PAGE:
This apartment located in the Trastevere neighborhood of Rome is anything but ordinary. It was Roman MdAA practice that took on the challenge of transforming this century-old stable into a modern-day living space. The challenge lies mostly in the fact that the owners wanted to have a completely closed off bedroom, while keeping the space as open as possible. In order to fulfill this request, the architects chose to take advantage of the 10 m high volume and create a private night area under the roof. The result is spectacular and it doesn’t look like anything I have seen before in an apartment. The night area is a tube-like metallic structure that seems suspended under the exposed wooden roof. This dark metal tunnel is supported at its free end by a round inclined metal column dressed up in wood, like the trunk of a giant tree. The other end overlaps the structure that frames the main entrance door. This tunnel-bedroom is accessible via an industrial staircase that leads to a metallic gallery which surrounds the whole volume. The ground volume is thus kept open, creating a very generous and unconventional living space.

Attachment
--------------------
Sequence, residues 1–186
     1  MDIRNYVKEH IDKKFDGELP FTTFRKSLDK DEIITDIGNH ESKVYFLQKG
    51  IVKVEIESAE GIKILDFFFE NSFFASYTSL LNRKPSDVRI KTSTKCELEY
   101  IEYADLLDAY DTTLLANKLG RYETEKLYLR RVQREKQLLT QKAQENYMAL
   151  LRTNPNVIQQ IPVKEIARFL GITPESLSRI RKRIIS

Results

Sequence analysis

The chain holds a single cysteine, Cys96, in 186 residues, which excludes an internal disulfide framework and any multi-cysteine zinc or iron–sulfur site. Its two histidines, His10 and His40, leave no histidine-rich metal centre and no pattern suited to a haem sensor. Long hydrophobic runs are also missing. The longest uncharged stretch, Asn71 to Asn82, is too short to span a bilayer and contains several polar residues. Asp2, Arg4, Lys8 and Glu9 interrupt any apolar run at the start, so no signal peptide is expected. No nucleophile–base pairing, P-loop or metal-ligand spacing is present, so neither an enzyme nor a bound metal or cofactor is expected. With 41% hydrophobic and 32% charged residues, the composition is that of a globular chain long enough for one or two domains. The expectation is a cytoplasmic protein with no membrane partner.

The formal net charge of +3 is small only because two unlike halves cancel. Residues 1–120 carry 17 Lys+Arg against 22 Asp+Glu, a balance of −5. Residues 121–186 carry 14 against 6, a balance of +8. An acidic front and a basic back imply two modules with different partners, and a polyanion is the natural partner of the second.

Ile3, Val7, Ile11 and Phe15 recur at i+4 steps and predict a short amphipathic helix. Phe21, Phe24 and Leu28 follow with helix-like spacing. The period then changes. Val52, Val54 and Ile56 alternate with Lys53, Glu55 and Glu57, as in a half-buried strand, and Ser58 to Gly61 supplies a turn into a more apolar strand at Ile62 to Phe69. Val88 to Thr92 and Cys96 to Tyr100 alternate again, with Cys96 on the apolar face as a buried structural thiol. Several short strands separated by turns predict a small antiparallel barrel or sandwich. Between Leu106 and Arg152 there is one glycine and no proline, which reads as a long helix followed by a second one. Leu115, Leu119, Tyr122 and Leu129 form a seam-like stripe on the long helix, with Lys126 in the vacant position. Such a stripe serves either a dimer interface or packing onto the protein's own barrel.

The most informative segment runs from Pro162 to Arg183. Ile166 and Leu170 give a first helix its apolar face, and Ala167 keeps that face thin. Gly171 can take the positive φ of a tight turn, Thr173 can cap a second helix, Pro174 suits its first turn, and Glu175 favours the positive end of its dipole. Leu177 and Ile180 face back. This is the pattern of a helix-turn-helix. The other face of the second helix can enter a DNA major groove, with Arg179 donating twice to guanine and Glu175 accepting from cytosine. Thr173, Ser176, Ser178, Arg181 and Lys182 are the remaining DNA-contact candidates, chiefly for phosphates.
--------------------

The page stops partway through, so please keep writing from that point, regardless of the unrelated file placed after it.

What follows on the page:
Unconventional is the word that best describes the design of this lofty space. Tradition and avant-garde meet to create quite a spectacular outcome.
The materials are the same but from different ages and under different forms. The metal of the tunnel is different than the one used for the staircase and gallery. The century-old wood of the roof is also different than the new wood used for the flooring. This visual variety is obtained through the use of three basic materials: metal, wood and glass.
Some areas of the apartment, like this dining room, look quite traditional when taken out o the overall context.
In order to reach the bedroom one has to cross a tunnel-like closet, with closed wardrobes lining the walls floor-to-ceiling.
Except for one window in the bedroom that overlooks the living room, the tunnel is lit through the ceiling. The middle of the ceiling is glazed, like a path of light that guides the circulation from one end to the other. The light that penetrates through the roof windows of the ex-stable is then captured by this light path and brought into the tunnel.
At the ground level there are big glazed surfaces that insure there is enough natural light to fill the whole volume.